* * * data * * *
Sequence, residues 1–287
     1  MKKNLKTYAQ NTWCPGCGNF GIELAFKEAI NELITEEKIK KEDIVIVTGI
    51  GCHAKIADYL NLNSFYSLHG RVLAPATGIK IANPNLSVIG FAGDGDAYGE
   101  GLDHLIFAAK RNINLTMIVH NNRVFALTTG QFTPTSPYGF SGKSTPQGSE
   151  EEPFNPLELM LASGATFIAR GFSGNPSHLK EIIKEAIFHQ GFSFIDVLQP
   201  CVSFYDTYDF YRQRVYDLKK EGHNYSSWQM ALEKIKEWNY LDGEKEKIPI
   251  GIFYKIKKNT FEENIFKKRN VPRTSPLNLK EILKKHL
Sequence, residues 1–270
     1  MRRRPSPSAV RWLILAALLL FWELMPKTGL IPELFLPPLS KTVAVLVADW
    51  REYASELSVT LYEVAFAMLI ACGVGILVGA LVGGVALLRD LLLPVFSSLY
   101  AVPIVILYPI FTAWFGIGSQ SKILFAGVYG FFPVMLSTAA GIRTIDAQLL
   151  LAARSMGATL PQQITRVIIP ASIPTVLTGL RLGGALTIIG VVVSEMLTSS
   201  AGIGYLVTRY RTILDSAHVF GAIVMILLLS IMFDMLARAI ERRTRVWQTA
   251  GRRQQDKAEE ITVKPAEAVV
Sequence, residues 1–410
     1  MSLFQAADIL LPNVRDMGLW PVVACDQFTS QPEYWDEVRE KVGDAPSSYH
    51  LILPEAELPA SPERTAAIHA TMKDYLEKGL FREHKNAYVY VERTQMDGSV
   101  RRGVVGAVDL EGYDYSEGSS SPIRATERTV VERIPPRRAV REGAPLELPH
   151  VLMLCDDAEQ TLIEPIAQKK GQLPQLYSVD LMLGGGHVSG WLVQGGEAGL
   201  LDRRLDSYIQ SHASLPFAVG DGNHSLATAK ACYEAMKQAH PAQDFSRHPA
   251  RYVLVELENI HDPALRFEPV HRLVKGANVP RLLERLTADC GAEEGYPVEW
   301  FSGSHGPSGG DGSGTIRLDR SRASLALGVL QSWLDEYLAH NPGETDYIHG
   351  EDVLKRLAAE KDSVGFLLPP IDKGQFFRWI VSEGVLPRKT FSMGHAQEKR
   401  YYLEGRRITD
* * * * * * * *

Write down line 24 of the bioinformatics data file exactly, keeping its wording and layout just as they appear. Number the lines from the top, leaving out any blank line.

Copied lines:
   401  YYLEGRRITD